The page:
This is a hard question because it's quite different from recommending stuff I enjoy. Let me think about that.
What should someone read to understand me:
The Missing Piece Meets the Big O by Shel Silverstein. This is a seemingly simplistic story about a "missing piece" that's looking for another shape with a piece missing out of it that it can fit into and become complete. Eventually, the piece meets "the Big O." And it's not missing any pieces and is complete all by itself. The piece has to learn to become a complete thing--something that can roll on its own--by slowly trying to roll so its corners round out. The last page shows the smaller "piece"--having become a little O--catching up to the Big O and rolling beside it. They're not stuck to each other or completing each other; they're just enjoying life as two separate but complete entities.
The Actor and the Housewife by Shannon Hale. Despite that I'm not a Mormon housewife with a gaggle of kids and I've never had a friendship with a famous actor, I really related to the protagonist of this book and I love that she was able to be FRIENDS with a man, and that they explored what that means. It just says so much about human relationships not falling into categories we expect just because society thinks they should (and how that traps both other people's perceptions of our relationships and OUR perceptions of them as well).
Love, Stargirl by Jerry Spinelli. I think this book does a decent job capturing a lot of complicated stuff about people like me. The first book, Stargirl, was written from the point of view of the boy who loved Stargirl, and even though it was great, you still saw her as the admired and the inspirational rather than as the person sometimes. Being other people's manic pixie dreamgirl is not all it's cracked up to be, though, and I think the sequel does a better job showing that the quirkiness thing isn't a show.
The Hitchhiker's Guide to the Galaxy by Douglas Adams. Because I'm silly as hell sometimes and I think this book does a good job with the particular kind of humor I'm about. You may also get a good idea of the kinds of things I think are funny and amusing if you read the illustrated blog/comic Hyperbole and a Half. (Read ONE entry and see if you don't see what I mean.)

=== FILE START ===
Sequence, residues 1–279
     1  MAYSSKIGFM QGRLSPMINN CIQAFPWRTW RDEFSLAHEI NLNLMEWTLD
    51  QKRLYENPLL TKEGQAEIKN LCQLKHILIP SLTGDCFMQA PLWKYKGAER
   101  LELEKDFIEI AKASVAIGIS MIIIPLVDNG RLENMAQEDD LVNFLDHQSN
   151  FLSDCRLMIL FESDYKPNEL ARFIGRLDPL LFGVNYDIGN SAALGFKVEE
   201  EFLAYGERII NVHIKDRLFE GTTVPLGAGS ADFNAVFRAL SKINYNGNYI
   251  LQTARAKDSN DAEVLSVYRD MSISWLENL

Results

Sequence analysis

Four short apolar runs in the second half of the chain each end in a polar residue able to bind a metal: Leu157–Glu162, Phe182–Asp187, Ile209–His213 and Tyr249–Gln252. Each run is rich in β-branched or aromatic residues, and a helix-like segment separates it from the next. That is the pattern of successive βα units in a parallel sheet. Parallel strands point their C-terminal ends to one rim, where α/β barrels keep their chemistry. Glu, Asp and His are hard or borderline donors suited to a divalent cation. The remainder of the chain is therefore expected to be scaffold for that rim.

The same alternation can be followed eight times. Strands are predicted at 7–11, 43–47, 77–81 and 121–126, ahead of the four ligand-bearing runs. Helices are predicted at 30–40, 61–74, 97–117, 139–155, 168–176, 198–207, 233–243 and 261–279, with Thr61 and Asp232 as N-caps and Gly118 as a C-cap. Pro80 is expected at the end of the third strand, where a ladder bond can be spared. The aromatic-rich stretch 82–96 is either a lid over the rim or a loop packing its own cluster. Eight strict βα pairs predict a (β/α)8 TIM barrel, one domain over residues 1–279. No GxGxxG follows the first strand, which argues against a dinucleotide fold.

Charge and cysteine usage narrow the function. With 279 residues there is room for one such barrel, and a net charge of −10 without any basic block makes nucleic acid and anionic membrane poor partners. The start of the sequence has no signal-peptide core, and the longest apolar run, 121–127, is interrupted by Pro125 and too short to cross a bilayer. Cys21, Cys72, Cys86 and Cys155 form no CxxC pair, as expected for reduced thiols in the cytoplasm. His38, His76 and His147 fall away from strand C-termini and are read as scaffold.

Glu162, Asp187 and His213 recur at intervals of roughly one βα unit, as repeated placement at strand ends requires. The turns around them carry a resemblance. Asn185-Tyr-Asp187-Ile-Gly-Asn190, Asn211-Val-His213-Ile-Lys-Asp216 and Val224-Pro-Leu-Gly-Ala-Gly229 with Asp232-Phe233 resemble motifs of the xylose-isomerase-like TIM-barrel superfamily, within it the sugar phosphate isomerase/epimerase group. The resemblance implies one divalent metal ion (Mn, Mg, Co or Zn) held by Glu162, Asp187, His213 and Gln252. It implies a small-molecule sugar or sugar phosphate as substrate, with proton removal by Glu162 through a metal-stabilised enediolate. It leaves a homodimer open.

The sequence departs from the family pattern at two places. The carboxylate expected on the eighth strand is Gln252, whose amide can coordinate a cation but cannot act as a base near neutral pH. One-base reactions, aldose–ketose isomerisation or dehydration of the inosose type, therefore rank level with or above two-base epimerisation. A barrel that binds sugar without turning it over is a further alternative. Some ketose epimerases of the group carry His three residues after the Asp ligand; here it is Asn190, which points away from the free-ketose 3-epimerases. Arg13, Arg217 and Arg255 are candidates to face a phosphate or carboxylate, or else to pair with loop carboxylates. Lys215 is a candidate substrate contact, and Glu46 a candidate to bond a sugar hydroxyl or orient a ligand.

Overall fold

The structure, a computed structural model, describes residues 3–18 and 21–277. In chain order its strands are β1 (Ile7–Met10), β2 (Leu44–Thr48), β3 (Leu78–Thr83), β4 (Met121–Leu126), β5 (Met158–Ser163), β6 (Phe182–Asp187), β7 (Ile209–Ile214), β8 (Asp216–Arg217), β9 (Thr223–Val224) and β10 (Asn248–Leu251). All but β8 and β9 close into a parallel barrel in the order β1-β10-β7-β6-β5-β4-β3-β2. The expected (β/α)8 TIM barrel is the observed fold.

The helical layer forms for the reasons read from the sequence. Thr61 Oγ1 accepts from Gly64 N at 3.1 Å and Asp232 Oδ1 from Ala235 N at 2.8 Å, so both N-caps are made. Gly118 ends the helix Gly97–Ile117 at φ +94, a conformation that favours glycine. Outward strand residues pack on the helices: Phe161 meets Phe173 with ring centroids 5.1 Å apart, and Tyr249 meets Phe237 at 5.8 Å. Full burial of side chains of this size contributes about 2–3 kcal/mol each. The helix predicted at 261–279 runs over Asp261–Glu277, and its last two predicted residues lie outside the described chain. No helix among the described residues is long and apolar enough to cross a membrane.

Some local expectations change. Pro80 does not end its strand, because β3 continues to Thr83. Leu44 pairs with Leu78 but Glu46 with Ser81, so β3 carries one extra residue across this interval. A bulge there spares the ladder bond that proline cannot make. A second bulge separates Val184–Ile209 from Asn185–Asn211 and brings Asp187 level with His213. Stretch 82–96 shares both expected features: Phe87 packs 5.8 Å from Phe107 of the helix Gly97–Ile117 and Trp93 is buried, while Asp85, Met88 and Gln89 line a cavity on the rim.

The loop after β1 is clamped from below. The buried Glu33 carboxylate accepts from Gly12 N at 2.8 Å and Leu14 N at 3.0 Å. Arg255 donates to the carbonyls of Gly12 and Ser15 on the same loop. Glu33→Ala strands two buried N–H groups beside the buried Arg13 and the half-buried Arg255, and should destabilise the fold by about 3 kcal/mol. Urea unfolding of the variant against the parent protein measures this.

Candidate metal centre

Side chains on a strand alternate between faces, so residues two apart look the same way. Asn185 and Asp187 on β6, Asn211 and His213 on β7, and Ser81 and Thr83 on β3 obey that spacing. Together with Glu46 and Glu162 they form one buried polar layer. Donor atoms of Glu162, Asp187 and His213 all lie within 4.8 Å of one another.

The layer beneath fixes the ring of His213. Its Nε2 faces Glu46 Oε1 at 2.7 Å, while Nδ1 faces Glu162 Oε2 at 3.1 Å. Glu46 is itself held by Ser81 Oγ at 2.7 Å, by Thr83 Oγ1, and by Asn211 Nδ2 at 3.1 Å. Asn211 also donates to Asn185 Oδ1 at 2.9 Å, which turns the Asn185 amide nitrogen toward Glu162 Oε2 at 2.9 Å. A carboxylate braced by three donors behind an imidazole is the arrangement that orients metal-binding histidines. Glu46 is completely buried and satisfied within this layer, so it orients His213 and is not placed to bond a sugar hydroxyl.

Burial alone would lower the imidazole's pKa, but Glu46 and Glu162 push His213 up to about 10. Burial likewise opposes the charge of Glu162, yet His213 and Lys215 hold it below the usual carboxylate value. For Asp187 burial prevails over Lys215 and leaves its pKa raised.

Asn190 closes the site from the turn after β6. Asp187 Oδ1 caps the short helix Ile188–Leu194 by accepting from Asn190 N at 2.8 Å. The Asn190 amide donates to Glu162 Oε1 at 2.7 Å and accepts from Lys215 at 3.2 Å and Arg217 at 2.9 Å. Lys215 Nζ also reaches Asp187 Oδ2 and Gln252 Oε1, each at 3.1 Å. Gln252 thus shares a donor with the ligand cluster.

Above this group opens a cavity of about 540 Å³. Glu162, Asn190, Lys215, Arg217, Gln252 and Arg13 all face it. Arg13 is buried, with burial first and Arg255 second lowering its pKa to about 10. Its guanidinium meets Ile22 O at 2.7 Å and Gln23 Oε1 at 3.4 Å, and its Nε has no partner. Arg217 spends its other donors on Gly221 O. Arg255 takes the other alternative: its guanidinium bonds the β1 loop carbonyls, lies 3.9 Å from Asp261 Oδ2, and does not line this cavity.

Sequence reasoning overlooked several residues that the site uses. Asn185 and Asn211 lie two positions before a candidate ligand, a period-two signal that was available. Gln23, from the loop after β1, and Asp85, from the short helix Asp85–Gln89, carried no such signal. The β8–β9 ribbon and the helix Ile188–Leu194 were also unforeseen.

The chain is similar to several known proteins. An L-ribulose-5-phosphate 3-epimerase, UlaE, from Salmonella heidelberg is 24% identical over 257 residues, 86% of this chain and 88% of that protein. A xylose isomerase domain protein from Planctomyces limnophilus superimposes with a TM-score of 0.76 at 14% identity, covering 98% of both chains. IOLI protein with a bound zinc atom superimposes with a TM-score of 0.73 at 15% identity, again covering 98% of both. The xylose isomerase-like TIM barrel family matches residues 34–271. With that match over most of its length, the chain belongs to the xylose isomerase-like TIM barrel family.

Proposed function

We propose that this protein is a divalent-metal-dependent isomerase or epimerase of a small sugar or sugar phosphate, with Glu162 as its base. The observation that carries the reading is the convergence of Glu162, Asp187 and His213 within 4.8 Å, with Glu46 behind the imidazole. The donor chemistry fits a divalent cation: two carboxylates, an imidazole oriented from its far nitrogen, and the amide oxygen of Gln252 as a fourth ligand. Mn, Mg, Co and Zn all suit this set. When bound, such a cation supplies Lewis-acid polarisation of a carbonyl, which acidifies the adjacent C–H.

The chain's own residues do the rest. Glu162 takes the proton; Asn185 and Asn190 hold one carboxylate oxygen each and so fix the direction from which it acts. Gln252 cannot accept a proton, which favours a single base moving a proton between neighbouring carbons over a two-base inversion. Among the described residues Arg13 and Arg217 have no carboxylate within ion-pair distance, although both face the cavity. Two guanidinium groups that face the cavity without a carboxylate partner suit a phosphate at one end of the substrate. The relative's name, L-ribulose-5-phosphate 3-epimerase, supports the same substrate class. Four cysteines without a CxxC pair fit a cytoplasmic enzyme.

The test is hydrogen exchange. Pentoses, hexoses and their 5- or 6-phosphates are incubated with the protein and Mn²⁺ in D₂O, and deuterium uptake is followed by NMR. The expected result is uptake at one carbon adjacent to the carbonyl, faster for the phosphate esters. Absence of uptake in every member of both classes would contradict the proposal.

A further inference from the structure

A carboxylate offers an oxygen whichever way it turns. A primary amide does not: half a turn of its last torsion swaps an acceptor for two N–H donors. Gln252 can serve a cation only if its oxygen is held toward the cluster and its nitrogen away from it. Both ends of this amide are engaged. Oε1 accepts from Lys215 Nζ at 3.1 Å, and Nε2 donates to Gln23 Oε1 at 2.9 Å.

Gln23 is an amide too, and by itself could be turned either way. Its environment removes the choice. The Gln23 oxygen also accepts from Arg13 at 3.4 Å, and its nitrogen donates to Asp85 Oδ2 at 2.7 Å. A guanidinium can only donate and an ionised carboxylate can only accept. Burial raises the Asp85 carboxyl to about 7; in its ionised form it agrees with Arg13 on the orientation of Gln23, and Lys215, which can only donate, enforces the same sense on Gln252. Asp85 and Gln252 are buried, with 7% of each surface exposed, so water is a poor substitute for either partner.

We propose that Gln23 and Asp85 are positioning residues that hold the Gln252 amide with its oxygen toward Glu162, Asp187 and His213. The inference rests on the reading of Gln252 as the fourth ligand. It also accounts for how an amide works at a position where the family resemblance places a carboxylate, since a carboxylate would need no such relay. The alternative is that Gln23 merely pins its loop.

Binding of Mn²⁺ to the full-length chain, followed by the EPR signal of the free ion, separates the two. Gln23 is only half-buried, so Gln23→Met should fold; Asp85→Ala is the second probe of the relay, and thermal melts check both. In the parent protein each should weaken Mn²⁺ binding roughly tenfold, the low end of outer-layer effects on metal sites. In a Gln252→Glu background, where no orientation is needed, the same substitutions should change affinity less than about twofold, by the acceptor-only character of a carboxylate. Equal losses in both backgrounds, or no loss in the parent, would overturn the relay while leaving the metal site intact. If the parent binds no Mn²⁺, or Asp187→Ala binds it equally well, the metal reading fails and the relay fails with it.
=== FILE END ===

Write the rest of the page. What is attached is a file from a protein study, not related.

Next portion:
The Invisible Orientation by me, for kind of obvious reasons. And it couldn't hurt to read my other books to understand me too, but you cannot buy those yet, so.
What should someone watch to understand me:
Stranger Than Fiction. Much of this story features a very interesting relationship between character and author. Mostly I just like it because it's a really good movie, but it also says some really cool stuff about the creative process, the "reality" of fictional people, and the importance of stories to humanity. LIKE ANYTHING WORTH WRITING, IT CAME INEXPLICABLY AND WITHOUT METHOD!!
Amélie. If you want to understand me, you might get some idea by watching how this girl acts. She really responds to the magic of life created by interaction with humanity (though she seems a little more afraid of it than I am), and has a really active imagination. The ways that I am not like Amélie are still things I appreciate and relate to, and we're sort of silly in a lot of the same ways as well as serious about the same values.
epic 5000 Subscribers Video involves me answering 88 questions from my subscribers in celebration of hitting 5000 subscribers. I end up saying a lot of stuff that's helpful in understanding me, I think.
And though I don't think watching my favorite cartoons would actually give you any insights into me in and of itself, conversations with me as of late will probably feature mentions of Steven Universe, so there's that. (Plus it does a good job with the humor that's really genuine and not cruel, which is something I particularly appreciate.)
What should someone listen to to understand me:
- They Might Be Giants for the musical quirkiness and creativity.
- Dar Williams and Indigo Girls for the folksy girl stuff.
- Ani DiFranco for the angry politics that still contain some joy.
- Tori Amos for the weird magic.
- The Wicked soundtrack for fiery inspiration.
- Alanis Morissette for the angsty artist.
- Tenacious D for the crude humor.